- Elections in Israel
Israel elects its national legislature, the
Knesset, by proportional representationon a national list basis. The Knesset has 120 members, elected for terms of four years. However, most of the elections in the country's history were not held on their scheduled date but after less than 4 years (only one of the last 8 Knesset assemblies completed its full term). Early elections can be called by a vote of the majority of Knesset members, or by an edict of the President, and normally occur on occasions of political stalemate and inability of the government to get the parliament's support for its policy. Failure to get the annual budget bill approved by the Knesset by March 31st (3 months after the start of the fiscal year) also leads automatically to early elections.
The Israeli electoral system has an
electoral thresholdof 2%, making it more favourable to minor parties than systems used in other countries. Israel has a multi-party system and generally no one party is able to form a government, requiring the parties to form coalition governments. In 1992, Israel adopted a system of direct election of the Prime Minister. The Prime Minister was directly elected separately from the Knesset in 1996, 1999and 2001. The direct election of the Prime Minister was abandoned after the 2001 election, because it failed to produce more stable governments (the 2001 elections were held less than 2 years after the previous one), and led to further fragmentation of the parliament.
Israel also has a President, but his/her role is essentially a figurehead position, with the real governmental power being in the hands of the Prime Minister.
Every Israeli of age 18 or greater may vote in elections. Any Israeli citizen over 21 may be elected to the Knesset, except holders of several high positions in the civil service and officers or career soldiers (those should resign from their post before the elections), soldiers in compulsory service, and felons who were convicted and sentenced to prison terms exceeding 3 months (until 7 years after their prison term expired).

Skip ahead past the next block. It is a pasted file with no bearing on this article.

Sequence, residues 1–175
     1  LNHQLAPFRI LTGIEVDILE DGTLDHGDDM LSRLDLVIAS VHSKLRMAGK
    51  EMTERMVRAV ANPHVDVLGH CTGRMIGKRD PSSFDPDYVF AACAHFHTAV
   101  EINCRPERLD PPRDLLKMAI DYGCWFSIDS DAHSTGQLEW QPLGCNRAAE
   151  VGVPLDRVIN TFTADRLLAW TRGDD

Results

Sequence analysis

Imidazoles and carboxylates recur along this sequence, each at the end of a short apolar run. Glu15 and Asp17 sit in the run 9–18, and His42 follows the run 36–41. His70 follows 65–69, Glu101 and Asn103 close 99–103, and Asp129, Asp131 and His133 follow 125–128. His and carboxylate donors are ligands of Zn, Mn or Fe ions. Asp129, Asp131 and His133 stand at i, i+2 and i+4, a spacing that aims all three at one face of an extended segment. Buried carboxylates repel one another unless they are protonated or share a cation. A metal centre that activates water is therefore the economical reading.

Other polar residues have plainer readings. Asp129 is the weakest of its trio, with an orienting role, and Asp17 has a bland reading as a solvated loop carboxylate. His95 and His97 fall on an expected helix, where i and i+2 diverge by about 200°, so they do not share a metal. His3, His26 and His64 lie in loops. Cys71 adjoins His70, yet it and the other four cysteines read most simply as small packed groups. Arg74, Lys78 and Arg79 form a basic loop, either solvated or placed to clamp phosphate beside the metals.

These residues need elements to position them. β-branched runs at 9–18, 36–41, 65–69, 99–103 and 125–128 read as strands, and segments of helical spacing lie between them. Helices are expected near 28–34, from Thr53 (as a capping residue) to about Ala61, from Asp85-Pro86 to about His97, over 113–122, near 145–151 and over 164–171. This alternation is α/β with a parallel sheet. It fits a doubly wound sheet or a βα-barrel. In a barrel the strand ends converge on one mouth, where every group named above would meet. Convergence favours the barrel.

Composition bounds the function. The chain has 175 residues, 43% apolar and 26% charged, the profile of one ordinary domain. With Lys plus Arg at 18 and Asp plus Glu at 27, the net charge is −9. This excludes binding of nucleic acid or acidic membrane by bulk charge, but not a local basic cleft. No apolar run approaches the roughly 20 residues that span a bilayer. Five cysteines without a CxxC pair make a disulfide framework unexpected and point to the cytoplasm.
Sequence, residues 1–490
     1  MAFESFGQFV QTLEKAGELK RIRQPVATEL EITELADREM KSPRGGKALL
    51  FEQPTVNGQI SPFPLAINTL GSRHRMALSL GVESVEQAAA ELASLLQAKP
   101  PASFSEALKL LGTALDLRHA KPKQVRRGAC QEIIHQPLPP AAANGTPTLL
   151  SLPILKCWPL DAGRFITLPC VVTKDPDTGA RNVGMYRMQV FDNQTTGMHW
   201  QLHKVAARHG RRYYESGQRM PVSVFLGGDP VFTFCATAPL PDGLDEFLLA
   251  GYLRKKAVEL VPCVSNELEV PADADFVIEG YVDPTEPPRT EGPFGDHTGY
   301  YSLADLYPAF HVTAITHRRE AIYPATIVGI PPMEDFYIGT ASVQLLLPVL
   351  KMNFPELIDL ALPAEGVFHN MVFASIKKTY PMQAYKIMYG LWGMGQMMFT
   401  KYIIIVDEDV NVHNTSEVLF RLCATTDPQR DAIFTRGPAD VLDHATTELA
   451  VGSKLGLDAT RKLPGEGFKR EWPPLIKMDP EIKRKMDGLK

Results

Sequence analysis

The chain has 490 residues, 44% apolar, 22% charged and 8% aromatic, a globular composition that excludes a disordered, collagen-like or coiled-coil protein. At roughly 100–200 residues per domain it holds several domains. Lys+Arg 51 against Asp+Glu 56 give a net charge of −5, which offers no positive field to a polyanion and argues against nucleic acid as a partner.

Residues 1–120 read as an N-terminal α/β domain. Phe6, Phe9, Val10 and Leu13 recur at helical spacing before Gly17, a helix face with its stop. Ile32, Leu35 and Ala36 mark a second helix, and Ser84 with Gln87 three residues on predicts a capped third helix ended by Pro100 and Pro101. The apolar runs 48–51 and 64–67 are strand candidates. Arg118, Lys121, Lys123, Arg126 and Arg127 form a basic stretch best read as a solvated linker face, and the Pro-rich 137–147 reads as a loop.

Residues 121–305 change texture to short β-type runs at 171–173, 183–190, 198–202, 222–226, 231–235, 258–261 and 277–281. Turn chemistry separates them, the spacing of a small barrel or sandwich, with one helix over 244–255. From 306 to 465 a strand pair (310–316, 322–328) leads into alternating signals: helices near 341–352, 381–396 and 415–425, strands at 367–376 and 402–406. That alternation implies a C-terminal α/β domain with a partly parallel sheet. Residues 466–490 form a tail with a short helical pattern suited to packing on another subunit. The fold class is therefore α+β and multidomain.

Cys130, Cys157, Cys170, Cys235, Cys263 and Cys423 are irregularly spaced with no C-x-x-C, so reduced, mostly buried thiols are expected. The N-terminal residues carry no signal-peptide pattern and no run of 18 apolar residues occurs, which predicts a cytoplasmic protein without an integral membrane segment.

Elections are overseen by the Central Elections Committee and are held according to the
Knesset Elections Law.
Whilst most countries operating a manual (i.e. paper) voting system use a sheet on which a voter either marks a box for one candidate, or ranks them by number, Israel has a rather unusual balloting method. Upon entry to a polling station, the voter is given an official envelope, and shown to a voting booth. Inside the booth is a tray of ballot papers, one for each party. The voter chooses the relevant paper for their party, puts it in the envelope, seals it, and then places the envelope into the ballot box.
The ballot papers contain minimal information - they are dominated by the "ballot letter(s)" of the party (between one and three letters), with the party name and sometimes a slogan written underneath in small text (see the picture to the right). Each party publicises their letter prior to election day, with most election posters featuring them. As many political parties in Israel are known by their acronyms, several parties can spell out their name in two or three letter, and thus use their name as their ballot letters (e.g. Meretz and Hetz). Others spell out a specific phrase on their ballot.
Ballots are produced in both Arabic and Hebrew, and are distributed appropriately; a voting booth in virtually all-Jewish towns would probably only have Hebrew slips, booths in all-Arab towns would have all Arabic slips, and those in mixed cities such as
Haifawould have both. Parties use the equivalent letters in both languages; for instance Kadimause כן ( Kaph-Nun) in Hebrew and ﻙﻥ (also Kaph-Nun) in Arabic. Although there are around one million Russian speakers in the country, almost the same number as Arabic speakers, there have not as yet been any Cyrillic ballot papers.
The system has the advantage of being incredibly simple to use for those with limited literacy. This is especially important in Israel where many new immigrants struggle with the language, especially reading and writing (as Hebrew uses a unique alphabet), and there are also relatively high illiteracy rates amongst the
Current ballot letters
The following (Hebrew) ballot letters were used in the 2006 election:
Historical ballot letters
The following ballot letters were used by historical parties:
* [http://www.knesset.gov.il/description/eng/eng_mimshal_res.htm Knesset Elections Results] Knesset website en icon
* [http://psephos.adam-carr.net/countries/i/israel/ Adam Carr's election archive]
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